Delegating issues is one of the ways to attract new contributors to your project and build your contributor pipeline. Contributors come and go; you want more contributors to stick around and contribute more after their first pull request for the sustainability of your project.

Delegating issues will help contributors understand your project and its codebase better, and it help you offload some of your work and build a vibrant community.

Maintaining the Core: Issues Best Handled In-House

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Even though delegation is important in open source, some issues need to be handled immediately and can be complex and too sensitive to be taken by external contributors.

There are three major factors that you need to consider when deciding to handle issues in-house:

  1. Time: When a problem needs to be addressed and handled quickly, or you need to ship a feature within a deadline, you want to take this on yourself. It's best to refrain from putting time pressure on contributors.
  2. Complexity: The core team has more context about a feature and has a bigger picture about the direction of the production. Consider handling this in-house when you need to work on something complex.
  3. Continued communication: Issues that require continued and regular communication between maintainers to update the progress and make prompt decisions in the process, potentially taking place outside GitHub for efficiency, are usually best left to core members.

"In-house" doesn't necessarily mean the tasks can only be tackled by the core team. You might have that one contributor who is a well-known community member because of their work and contributions. They regularly ship quality work, know the codebase and documentation inside out, and are familiar with your project's workflow. You know you can trust these types of contributors with the in-house tasks. However, when time is essential, you want to refrain from giving the task to them and let the core team do that instead.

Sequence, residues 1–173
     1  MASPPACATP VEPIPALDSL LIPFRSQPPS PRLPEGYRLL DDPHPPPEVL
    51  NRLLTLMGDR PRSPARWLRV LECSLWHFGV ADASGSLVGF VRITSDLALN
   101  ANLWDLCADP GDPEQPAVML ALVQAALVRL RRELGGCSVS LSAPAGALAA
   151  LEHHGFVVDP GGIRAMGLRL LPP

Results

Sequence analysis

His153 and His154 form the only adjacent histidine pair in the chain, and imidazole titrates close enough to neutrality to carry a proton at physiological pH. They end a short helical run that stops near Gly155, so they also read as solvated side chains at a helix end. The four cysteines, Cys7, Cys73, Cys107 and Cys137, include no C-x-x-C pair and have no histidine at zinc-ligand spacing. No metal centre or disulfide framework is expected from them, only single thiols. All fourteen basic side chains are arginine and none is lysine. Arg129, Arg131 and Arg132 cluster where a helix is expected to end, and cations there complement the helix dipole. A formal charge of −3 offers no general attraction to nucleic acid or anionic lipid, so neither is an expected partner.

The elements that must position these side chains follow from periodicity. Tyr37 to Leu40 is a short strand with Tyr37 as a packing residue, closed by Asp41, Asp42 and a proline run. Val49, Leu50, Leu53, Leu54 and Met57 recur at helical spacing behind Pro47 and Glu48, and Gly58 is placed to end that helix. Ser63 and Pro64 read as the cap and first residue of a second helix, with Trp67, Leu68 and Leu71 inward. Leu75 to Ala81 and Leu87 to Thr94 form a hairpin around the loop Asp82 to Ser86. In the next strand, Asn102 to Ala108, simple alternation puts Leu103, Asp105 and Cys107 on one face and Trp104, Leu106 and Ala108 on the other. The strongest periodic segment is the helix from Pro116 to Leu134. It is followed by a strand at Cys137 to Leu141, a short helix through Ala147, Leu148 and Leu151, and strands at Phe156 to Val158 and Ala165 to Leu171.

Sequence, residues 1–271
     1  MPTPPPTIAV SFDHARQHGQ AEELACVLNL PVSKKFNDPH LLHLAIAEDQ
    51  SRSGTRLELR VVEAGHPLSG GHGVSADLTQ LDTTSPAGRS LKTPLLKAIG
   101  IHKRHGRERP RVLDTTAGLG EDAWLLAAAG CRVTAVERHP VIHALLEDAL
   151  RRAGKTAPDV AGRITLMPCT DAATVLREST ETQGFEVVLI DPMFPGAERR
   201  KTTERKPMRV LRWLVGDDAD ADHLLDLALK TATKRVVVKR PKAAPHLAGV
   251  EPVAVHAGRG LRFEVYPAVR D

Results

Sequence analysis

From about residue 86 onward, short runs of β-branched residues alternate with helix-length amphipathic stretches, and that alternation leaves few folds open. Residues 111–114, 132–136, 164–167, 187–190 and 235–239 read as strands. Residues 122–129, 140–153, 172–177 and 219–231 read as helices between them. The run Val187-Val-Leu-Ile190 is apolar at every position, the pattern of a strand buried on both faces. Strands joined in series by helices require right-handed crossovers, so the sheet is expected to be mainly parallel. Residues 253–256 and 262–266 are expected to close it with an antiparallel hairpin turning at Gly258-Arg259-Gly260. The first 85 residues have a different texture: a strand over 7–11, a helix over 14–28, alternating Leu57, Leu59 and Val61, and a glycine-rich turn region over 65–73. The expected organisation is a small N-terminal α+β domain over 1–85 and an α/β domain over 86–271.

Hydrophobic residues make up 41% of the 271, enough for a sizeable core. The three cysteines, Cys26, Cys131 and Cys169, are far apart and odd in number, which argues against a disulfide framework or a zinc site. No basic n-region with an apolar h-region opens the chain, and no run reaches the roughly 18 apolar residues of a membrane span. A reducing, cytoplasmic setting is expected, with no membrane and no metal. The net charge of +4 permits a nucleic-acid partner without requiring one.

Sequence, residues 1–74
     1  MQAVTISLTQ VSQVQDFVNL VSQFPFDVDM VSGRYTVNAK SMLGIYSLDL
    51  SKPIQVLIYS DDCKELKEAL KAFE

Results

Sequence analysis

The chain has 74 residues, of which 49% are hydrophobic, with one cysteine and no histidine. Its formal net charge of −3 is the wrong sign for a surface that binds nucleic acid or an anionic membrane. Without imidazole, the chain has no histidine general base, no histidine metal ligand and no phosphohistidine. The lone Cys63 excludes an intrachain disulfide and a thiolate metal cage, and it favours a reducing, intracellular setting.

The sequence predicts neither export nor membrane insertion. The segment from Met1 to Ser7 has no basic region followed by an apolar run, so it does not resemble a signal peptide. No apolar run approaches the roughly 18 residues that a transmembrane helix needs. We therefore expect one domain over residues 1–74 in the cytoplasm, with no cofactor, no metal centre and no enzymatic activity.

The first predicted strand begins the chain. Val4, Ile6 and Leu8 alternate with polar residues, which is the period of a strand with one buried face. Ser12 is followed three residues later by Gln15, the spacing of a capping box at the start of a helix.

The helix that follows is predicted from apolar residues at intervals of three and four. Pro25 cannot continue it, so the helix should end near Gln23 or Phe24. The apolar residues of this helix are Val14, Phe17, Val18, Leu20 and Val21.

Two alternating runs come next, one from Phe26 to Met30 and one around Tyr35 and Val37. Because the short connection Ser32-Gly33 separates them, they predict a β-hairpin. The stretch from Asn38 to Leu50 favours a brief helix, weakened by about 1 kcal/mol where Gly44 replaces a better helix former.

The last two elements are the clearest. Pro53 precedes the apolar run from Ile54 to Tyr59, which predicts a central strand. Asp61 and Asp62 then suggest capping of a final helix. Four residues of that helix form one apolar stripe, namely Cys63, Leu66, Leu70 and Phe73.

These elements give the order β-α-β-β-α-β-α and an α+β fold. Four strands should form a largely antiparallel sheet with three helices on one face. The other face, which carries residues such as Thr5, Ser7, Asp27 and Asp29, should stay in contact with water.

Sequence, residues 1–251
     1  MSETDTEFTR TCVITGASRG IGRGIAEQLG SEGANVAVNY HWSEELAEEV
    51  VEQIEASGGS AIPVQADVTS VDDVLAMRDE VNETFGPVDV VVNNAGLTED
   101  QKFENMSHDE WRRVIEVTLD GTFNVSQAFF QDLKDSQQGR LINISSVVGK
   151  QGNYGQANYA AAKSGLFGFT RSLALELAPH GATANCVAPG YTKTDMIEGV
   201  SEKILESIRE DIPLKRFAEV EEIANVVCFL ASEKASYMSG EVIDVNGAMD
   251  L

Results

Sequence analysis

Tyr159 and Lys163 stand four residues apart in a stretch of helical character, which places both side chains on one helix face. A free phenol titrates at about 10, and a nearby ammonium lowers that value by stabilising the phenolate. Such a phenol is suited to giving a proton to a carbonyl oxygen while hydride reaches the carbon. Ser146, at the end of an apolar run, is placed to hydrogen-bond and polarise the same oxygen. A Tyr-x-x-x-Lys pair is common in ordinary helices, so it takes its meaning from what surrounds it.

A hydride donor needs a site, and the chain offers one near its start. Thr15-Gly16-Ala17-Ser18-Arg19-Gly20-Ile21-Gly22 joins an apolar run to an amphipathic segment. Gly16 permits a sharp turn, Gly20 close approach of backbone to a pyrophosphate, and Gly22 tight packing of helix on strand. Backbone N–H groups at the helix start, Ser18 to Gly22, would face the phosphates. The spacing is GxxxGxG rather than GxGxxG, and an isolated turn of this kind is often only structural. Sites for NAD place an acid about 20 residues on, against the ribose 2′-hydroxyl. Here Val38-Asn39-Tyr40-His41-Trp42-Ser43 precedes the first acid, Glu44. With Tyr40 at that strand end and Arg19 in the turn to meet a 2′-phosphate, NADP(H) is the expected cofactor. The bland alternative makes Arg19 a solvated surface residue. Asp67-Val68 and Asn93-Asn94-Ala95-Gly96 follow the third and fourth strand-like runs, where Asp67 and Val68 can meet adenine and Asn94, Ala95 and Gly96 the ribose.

Here are some types of issues that are best handled in-house:

  • Critical bugs: When a bug has affected the functionality of the whole project, you can consider it critical or high priority. This kind of bug can't wait and has to be fixed immediately.
  • Architectural decisions: Major changes to the project's core structure or direction require your deep understanding.
  • Security vulnerabilities or privacy concerns: This type of issue is sensitive, and protecting user data is your top priority. So, you need to fix these kinds of issues yourself.
  • Complex refactoring: Extensive code overhauls often need your experienced perspective and in-depth understanding of the codebase. It requires careful planning and analysis for efficient, maintainable, and scalable code.
  • Creating or modifying guidelines: The rules of your project and how to contribute to it are yours to determine. Having more people outside your team to throw ideas can cause you to drift away from your original intention and direction.

Consider labeling these types of issues with core team work, critical or high priority to inform that these will be handled in-house.


Mastering issue management is a game-changer for open source maintainers, but it is also an ongoing process. Adapt your strategies as your project evolves, ask for community feedback, and don't be afraid to experiment to find the best approaches. By doing so, you can transform issue management into a powerful tool for community engagement and project success.